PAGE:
An US Christian doctor has contracted Ebola from treating the victims of the Ebola Hemorrhage Fever caused by the deadly virus in Liberia, according to a statement from Samaritan's Purse.
Samaritan's Purse, a Christian aid charity headed by Billy Graham's son Franklin Graham, said Saturday that Dr. Kent Brantly had been isolated at the group's Ebola treatment center at the ELWA hospital in Liberia's capital Monrovia.
"Dr. Brantly is married with two children," the group said, in a statement posted on its website. "Samaritan's Purse is committed to doing everything possible to help Dr. Brantly during this time of crisis. We ask everyone to play pray for him and his family."
The 33-year-old doctor recognized his own symptoms and confined himself to an isolation ward. He was working as the medical director at one of Liberia's two treatment centers run by the aid group.
It was not immediately clear how he caught Ebola. The disaster relief group's Melissa Strickland told Reuters that he had followed strict safety protocols when treating patients.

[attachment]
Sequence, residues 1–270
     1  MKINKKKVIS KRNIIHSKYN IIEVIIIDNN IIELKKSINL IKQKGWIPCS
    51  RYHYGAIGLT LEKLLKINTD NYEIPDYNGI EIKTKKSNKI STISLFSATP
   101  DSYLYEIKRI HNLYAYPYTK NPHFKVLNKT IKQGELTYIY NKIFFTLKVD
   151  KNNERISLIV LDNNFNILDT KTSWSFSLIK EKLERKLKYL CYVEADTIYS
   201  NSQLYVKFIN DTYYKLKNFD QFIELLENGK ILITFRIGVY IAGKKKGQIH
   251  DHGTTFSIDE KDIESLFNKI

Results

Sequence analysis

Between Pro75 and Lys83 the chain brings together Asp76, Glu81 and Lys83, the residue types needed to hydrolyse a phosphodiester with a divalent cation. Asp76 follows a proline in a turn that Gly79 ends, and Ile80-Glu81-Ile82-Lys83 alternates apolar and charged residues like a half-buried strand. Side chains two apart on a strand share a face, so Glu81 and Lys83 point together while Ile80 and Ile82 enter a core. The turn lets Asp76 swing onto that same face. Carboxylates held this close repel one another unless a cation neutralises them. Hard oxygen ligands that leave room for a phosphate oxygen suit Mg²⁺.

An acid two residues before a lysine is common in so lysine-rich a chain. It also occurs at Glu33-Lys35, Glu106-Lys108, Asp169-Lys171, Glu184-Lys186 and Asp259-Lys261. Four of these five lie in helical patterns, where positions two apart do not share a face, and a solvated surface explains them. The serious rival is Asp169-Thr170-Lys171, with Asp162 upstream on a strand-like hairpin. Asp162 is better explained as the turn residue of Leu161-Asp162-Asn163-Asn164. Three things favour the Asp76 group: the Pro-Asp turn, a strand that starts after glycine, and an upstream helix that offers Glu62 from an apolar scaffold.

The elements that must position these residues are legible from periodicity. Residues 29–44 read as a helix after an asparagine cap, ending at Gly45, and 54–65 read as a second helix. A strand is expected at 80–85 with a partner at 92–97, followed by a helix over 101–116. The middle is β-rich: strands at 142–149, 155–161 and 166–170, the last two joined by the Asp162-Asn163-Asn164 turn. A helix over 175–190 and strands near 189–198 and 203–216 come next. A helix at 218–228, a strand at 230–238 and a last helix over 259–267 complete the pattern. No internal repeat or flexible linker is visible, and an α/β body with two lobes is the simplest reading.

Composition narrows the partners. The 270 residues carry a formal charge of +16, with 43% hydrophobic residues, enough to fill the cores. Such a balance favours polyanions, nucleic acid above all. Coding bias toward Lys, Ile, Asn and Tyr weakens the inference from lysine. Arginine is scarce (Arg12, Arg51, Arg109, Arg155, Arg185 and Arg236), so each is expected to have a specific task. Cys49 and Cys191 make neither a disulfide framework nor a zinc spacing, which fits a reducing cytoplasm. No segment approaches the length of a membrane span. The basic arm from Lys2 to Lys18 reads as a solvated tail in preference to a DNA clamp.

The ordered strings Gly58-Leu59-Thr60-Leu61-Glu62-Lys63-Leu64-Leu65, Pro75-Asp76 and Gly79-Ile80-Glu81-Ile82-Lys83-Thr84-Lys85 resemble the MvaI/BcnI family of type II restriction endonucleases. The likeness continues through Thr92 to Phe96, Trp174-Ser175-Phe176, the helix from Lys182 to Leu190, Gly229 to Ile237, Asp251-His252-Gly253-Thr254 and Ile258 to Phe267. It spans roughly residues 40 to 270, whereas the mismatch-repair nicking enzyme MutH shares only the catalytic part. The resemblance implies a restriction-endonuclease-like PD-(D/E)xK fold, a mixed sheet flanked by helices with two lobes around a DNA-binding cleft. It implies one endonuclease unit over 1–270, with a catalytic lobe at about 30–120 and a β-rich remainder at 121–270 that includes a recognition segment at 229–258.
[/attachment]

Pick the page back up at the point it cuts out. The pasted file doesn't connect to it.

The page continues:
As of July 20, at least 660 people have died from the months-long epidemic from among the 1,093 cases recorded across Guinea, Liberia and Sierra Leone, the World Health Organization reported.
While Ebola kills 90 up to 90 percent of its victims, the fatality rate of the current outbreak stands at around 60 percent.
Ebola is highly contagious and can kill a victim within days. Patients suffer symptoms of severe fever and muscle pain, vomiting and diarrhea and, in some cases, organ failure and unstoppable internal and external bleeding.
It spreads among humans by direct contact of bodily fluids including sweat and blood, and tissues of infected person. The disease can spread even after the victim has died during the handling of the deceased's body.